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Theatre Review: Psycho Beach Party has Stellar Acting but Falls a Bit Flat

Lisa Much Lisa Much Theatre Review: Psycho Beach Party has Stellar Acting but Falls a Bit Flat"Girls on Beach": From Left to Right: Vera Cremeans as Berdine, Nick Hardin as Chicklet, Kaitlin Descutner as Marvel Ann. Photo by Jason Allen, Second Glimpse Photography.
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Rare do I see a show that leaves me asking, “What the…?” (Insert word of choice there). While watching the opening night of Columbus Immersive Theater’s production of Psycho Beach Party, I felt annoyance, confusion, frustration, and a little anger. I heard a lot of laughter from the audience, but I, personally, found very little funny apart from a few one-liners and, of course, the final moments of Act One.

A note: this review contains a few more spoilers than I would normally write, nothing too specific, but a tad climatically-focused.

"Boys and Chicklet": From Left to Right: Andrew Trimmer as Provoloney, Jason Crase as Star Cat, Luke Stewart as YoYo, Dan Montour as Kanaka, Across: Nick Hardin as Chicklet. Photo by Jason Allen, Second Glimpse Photography.

“Boys and Chicklet”: From Left to Right: Andrew Trimmer as Provoloney, Jason Crase as Star Cat, Luke Stewart as YoYo, Dan Montour as Kanaka, Across: Nick Hardin as Chicklet. Photo by Jason Allen, Second Glimpse Photography.

The show centers on Chicklet Forrest, a naive sixteen year old girl living on Malibu Beach with her over-bearing and over-protecting mother. She desperately wants to learn to surf, a thing unheard of for women in 1962. Eventually, she convinces The Great Kanaka, the caricature, good-looking jerk surf-God (played wonderfully by Dan Montour) to teach her. While the rest of the beach bums and mean girls dislike Chicklet because she is younger and weird, Kanaka sees something in her and takes a chance.

Inside her live multiple personalities, Ann Bowman proving the strongest of them. Ann Bowman, the cougar, thrives on turning younger men into sexual submissives and eventually taking over the world with this power. Throughout the summer, Chicklet transforms from the nice girl on the beach into an uncontrollable conglomeration of the personalities within her.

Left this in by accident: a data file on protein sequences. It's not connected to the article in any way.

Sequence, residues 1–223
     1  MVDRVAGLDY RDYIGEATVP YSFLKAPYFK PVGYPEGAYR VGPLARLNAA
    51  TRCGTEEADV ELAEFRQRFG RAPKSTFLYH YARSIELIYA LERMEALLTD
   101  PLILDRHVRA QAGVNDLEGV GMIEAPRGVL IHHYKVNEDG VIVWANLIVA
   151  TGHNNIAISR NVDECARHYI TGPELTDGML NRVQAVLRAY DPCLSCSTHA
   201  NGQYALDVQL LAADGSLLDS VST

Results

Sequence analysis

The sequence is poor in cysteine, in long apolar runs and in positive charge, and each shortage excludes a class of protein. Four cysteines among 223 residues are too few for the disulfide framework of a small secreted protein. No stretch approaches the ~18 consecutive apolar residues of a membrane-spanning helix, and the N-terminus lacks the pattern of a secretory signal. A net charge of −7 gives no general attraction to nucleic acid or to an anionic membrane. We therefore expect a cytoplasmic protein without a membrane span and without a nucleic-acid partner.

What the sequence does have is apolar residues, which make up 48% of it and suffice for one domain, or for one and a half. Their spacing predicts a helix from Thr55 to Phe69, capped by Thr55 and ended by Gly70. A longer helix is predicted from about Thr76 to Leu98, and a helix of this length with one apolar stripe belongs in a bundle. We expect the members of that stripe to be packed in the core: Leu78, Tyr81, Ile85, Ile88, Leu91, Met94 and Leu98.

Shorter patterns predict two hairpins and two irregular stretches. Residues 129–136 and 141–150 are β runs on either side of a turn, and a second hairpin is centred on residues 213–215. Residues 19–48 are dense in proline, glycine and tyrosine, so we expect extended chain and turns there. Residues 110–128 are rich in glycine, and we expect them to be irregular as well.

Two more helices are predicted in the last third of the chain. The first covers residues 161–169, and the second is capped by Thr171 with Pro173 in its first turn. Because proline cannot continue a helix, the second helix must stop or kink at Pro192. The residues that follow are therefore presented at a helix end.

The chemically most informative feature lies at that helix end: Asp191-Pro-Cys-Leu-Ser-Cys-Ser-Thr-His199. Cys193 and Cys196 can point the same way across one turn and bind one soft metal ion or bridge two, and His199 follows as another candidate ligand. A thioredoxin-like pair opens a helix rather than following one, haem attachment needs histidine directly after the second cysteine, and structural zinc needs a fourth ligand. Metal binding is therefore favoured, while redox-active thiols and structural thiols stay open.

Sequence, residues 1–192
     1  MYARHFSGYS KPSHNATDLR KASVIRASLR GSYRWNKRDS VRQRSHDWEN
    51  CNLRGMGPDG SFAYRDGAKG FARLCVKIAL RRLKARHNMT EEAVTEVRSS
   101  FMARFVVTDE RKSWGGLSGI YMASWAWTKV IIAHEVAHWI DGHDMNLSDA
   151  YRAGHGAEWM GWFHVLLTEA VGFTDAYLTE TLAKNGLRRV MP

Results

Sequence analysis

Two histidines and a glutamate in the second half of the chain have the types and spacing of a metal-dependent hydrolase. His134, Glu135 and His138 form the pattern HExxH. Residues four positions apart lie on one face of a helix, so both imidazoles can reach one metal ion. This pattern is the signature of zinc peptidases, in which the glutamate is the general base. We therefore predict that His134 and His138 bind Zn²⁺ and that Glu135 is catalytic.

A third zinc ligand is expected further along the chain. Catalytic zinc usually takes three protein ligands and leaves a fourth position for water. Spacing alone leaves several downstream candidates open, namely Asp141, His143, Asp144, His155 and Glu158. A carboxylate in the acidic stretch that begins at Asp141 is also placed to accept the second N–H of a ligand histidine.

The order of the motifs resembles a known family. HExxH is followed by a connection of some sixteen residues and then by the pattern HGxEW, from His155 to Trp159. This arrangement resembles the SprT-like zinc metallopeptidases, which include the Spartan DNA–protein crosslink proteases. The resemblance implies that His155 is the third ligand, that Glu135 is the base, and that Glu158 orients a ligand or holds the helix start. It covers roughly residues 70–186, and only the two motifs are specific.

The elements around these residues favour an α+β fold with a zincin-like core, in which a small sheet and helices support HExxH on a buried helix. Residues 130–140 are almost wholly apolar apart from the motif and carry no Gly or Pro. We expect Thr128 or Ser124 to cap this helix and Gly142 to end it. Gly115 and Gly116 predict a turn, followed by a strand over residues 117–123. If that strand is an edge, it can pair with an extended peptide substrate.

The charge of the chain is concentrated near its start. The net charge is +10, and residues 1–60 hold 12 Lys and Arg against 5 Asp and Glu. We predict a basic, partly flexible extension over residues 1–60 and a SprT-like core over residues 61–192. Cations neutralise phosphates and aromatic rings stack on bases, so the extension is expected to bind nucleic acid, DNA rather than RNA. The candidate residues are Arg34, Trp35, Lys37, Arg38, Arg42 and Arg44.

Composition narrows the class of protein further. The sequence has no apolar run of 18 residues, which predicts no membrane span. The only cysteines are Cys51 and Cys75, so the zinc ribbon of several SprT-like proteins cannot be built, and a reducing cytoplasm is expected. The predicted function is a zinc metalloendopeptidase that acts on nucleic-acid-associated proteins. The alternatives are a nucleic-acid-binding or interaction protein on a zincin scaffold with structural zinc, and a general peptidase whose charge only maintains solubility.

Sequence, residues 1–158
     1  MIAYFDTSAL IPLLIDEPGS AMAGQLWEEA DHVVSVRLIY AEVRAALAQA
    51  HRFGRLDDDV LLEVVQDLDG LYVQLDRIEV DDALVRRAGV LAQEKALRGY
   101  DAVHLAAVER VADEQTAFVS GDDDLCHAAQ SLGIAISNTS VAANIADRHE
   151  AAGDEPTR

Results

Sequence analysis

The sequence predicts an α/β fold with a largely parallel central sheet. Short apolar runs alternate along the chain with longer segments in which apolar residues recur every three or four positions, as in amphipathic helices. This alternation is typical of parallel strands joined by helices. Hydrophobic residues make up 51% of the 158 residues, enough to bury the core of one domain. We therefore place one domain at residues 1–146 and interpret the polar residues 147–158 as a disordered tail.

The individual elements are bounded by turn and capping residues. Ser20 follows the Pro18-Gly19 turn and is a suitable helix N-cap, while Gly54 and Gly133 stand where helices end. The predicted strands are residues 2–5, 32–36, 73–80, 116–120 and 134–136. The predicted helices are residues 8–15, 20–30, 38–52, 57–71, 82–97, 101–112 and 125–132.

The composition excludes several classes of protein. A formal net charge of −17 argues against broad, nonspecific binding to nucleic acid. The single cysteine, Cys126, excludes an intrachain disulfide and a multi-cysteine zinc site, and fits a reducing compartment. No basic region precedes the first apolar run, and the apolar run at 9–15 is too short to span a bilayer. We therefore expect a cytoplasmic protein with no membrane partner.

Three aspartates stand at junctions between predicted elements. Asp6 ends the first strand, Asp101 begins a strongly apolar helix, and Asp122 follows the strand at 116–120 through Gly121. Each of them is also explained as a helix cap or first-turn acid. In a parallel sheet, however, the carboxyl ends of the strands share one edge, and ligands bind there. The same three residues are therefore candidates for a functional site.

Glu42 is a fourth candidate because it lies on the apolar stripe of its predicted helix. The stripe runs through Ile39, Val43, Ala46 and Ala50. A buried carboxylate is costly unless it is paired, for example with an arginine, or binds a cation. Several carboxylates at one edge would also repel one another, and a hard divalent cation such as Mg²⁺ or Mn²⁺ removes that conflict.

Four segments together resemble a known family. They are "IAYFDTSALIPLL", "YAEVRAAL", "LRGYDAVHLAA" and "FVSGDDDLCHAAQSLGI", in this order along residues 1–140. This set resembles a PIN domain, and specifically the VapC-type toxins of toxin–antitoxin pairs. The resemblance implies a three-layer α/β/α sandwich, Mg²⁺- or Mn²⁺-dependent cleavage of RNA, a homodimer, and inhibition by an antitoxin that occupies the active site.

This production features a couple exceptional drag performers: Nick Hardin as Chicklet and Doug Joseph as her mother. Nick Hardin is amazing. Simply amazing. While the play is quite over-the-top and campy, he still manages to portray a relatively convincing sixteen year old girl and younger. He dominates as Ann Bowman, pulsing energy throughout the large space. His three to six other characters remain so distinct and rapid that Hardin really can do nothing but impress with his performance. Doug Joseph embodies that cruel and hawk-like mother figure in again, the campy fashion. Kudos to both of them as well as Vera Ryan Cremeans whose portrayal of the geeky, awkward, hyper-smart and philosophical best-friend of Chicklet, Berdine, warms the heart.

"Look at me!  I'm built just like a boy!" From Left to Right: Kaitlin Descutner as Marvel Ann, Nick Hardin as Chicklet, Vera Cremeans as Berdine. Photo by  Jason Allen, Second Glimpse Photography

“Look at me! I’m built just like a boy!” From Left to Right: Kaitlin Descutner as Marvel Ann, Nick Hardin as Chicklet, Vera Cremeans as Berdine. Photo by Jason Allen, Second Glimpse Photography

Over-achieving Edward Carignan directed, choreographed, set and costume designed this show—a bold, yet perhaps, unwise undertaking. Parts of the show feel over or under-rehearsed and the blocking feels stagnant on the sprawling and slightly superfluous set. A fun and promising luau dance number leads into an incredibly awkward breakdown for Chicklet due to the ensemble’s statuesque and stoic response to the situation. Perhaps this derives from a poor script; the ending seems rushed and quite preachy, as though everything must be wrapped up nicely with a bow, a downfall of some comedy.

This leads me here. Psycho Beach Party, I presume, exists as a dark comedy ala Mommie Dearest meets a surfer movie. However, I find the writing insidiously offensive. This show perpetuates stigma and misunderstandings of mental disorders. The audience laughs at truly traumatic events (most of Chicklet’s and her mother’s interactions) and that is seen as okay.

I admire the attempts to make jokes of the absurd ways in which people cope with mental disorders, for instance, when Star Cat (Jason Carl Crase), the psychiatry major drop out, attempts to hypnotize and get Chicklet to talk. “It’s okay. He’s had three semesters of psychology.” Perhaps the script is self-aware, but I am doubtful this production is. Rather, it seems to feed off of cheap gags, a reference, once again, to interactions between Chicklet and her mother.

Most frustrating, the ending ignores any healing process. These characters probably need therapy and time, but the ending of the show paints everything as fine. I realize that a show as campy as this would indeed finish this way. No one would depict reality; the audience should leave smiling. I then question the intent of this play, and moreover, this production. Why do this? Simple entertainment? There are better options. Camp is fine. Camp is fun. But this might be too much.

Psycho Beach Party plays through Feb. 1 in the Garden Theater at Short North Stage, 1187 N. High Street and plays Fri.-Sat. at 8 pm; Sun., 2/1 at 4:30 pm. $20. More information can be found online at beachpartycolumbus.com.

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